Institute of Historical Studies
Institute of Historical Studies

“Reclaiming the Pre-Modern Past” Series Highlights New Research on Ancient Histories

Thu, February 7, 2019
“Reclaiming the Pre-Modern Past” Series Highlights New Research on Ancient Histories

Story by Kazushi Minami Ph.D Candidate, History, UT Austin

The Institute
continues its yearlong, five-part series titled “Reclaiming the Pre-Modern Past this spring, hosting scholarly talks and a panel discussion to examine how new approaches and methodologies are enriching our understanding of pre-modern cultures.

“In recent decades, scholars have dramatically illuminated areas of human history that have long been hidden from view,” says Dr. Miriam Bodian, IHS Director and Professor of History, who developed the idea for “Reclaiming the Pre-Modern Past in collaboration with fellow early modern historians in the History Department. “The series aims to highlight some of the ways in which our understanding of the pre-modern past is being invigorated through the exploration of new questions and the application of new technologies.”

Dr. Daniel Lord Smail, Frank B. Baird, Jr. Professor of History at Harvard University, presented the first talk in the series last October, titled "Debt: A Natural History. “Debt is a human constant,” Dr. Smail wrote.The social implications of systems of credit and debt, however, are not; they can vary significantly over time and space. Traveling freely across the human past, this paper explores the paradoxical nature of the borrowing and lending and provides signposts for writing the natural history of debt.

Dr. Smail’s lecture was followed in November by Dr. Jonathan Kaplan, Assistant Professor of Middle Eastern Studies at the University of Texas at Austin. His talk, “Digital Imaging and the Dead Sea Scrolls, introduced various techniques, including Photoshop, to produce images and digital reconstructions of the Dead Sea Scrolls. He discussed the application of these techniques to his research on an ancient Judaic work known as 4QMMT (Miqtsat Ma'aseh HaTorah or Some Works of the Law).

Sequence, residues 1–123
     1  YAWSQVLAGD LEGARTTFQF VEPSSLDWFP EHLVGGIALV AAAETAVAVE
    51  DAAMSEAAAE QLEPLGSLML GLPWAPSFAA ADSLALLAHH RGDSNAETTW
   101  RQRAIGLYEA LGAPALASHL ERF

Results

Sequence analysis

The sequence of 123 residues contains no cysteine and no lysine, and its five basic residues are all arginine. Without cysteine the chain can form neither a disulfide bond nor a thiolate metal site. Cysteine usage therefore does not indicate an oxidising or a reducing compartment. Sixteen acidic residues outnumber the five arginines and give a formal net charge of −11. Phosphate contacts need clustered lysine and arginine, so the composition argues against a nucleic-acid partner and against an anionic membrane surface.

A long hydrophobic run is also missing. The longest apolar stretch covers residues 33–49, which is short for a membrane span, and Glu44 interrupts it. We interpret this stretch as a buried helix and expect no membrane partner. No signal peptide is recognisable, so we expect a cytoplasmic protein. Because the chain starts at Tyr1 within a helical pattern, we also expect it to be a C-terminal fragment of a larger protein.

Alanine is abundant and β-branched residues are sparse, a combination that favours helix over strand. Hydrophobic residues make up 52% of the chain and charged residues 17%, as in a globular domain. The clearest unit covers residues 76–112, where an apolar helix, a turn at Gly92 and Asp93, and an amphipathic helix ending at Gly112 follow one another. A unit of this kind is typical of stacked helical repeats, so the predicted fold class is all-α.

Participating in this series provided me with an important opportunity to share my work with a broader scholarly audience interested in learning about new methods for uncovering new aspects of ancient materials,” commented Dr. Kaplan.

The series continued last month with a presentation on “Using Ancient DNA to Understand the Past: Examples from the Americas” by Dr. Jennifer Raff, Assistant Professor of Anthropology at the University of Kansas. Dr. Raff discussed how paleogenomics complements archaeological and historical methods. While showing the potential of ancient DNA research for the history of the Americas, she emphasized that scholars should heed the cultural sensitivities of Native American communities, particularly when their research may reveal the histories of ancestralmigration in the Americas.

“Environmental History and the Legacy of Alfred W. Crosby” commemorated the historian who pioneered the field of environmental history with his book The Columbian Exchange: Biological and Cultural Consequences of 1492 (1972). Dr. Crosby, who passed away last March, was a faculty member at the University of Texas for 22 years. The panel opened with reminiscences of Dr. Crosby before moving to an examination of his contributions to a field that continues to inspire new studies on pre-modern societies. Presenters included Robert H. Abzug, Audre and Bernard Rapoport Regents Chair of Jewish Studies, Virginia Garrard, Professor of History and Director of LLILAS Benson Latin American Studies and Collections, and Megan Raby, Assistant Professor of History. The panel was moderated by Michael B. Stoff, Associate Professor of History.

The series concludes on Feb. 28 with a talk by Dr. Timothy Beach, the C.B. Smith Sr. Centennial Chair in United States-Mexico Relations at the Department of Geography and the Environment. Dr. Beach will speak on “Climate and Soil: An Environmental History of the Maya, illuminating the Early Anthropocene through his research on the Late Holocene history of the ancient Maya. He uses climate and soil records to examine how the Maya civilization caused environmental changes such as sea level rise and climate drying comparable to those occurring in the contemporary world. This is an ongoing project using lidar imagery that is providing a much better footprint of the impacts and infrastructure of the ancient Maya on their tropical forest.

Several of the talks will be recorded and posted on the IHS Media page in the coming weeks. View a full line-up of the Spring program at the Institute for Historical Studies on the calendar page and follow IHS on Twitter and Facebook to learn more about the “Reclaiming the Pre-Modern Past” series and other events.

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